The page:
We are open from 7am to 10pm every weekday and from 7am to 8pm on weekends. We book appointments in a 2 hour arrival window and call 30-45 mins before we arrive so you do not have to sit around waiting. It is often possible to schedule your appointment in the evening or morning hours to avoid conflicting with your work schedule. Are you looking for service today? Give us a call or click on one of the Schedule Service buttons found on the top and left sides of this page to contact us today.
We were visiting our Arizona home from New York, when on one of the hottest days in August the air conditioning was not working. We called Precision & James Shelton worked to get the air up & running in no time. He was courteous & sympathetic, working hard to repair our central air…we have a warranty & Precision stands behind their work, they are available 24/7… Thank you!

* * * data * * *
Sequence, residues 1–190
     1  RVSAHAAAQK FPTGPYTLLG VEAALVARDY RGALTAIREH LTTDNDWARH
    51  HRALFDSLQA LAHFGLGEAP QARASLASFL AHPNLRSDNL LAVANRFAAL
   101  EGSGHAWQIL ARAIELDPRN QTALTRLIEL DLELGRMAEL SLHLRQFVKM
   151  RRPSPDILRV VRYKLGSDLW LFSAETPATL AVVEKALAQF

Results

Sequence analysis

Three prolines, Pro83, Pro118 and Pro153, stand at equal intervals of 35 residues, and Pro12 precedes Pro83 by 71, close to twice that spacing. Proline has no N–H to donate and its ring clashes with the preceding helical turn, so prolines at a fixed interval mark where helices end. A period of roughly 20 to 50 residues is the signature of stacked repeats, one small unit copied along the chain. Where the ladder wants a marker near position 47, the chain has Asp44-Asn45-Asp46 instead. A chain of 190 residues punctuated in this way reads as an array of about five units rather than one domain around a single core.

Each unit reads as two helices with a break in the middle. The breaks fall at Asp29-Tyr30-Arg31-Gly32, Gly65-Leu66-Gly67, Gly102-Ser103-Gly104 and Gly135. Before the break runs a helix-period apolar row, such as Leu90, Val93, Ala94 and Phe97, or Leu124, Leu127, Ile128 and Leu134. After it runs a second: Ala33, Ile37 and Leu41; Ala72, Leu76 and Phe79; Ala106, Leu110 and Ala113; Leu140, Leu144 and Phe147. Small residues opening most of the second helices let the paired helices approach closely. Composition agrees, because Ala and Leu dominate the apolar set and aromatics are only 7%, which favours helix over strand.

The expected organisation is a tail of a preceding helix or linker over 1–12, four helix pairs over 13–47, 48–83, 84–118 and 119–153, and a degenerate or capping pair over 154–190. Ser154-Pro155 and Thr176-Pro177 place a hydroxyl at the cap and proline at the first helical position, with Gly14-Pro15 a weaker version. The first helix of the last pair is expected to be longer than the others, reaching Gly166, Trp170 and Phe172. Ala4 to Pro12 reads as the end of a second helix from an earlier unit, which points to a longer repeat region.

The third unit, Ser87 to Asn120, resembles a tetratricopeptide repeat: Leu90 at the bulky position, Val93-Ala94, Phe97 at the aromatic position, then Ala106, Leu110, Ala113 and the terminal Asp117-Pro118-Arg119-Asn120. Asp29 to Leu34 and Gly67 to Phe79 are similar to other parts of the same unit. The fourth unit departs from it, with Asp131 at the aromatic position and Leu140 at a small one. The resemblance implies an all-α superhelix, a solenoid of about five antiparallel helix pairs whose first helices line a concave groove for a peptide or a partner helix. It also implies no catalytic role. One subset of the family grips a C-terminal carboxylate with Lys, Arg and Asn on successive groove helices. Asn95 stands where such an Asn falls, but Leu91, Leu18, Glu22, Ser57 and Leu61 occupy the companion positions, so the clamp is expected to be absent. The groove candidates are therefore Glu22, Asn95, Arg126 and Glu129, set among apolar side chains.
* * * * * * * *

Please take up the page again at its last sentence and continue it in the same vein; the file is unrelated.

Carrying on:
HVAC repair technicians are properly qualified to take care of anything that relates to installing, maintaining or repairing your heating, air conditioning and refrigeration systems. Our professionals have gone through rigorous training and certification and all our technicians and equipment installers are NATE-certified, which involves demanding testing and indicates a solid understanding of the industry.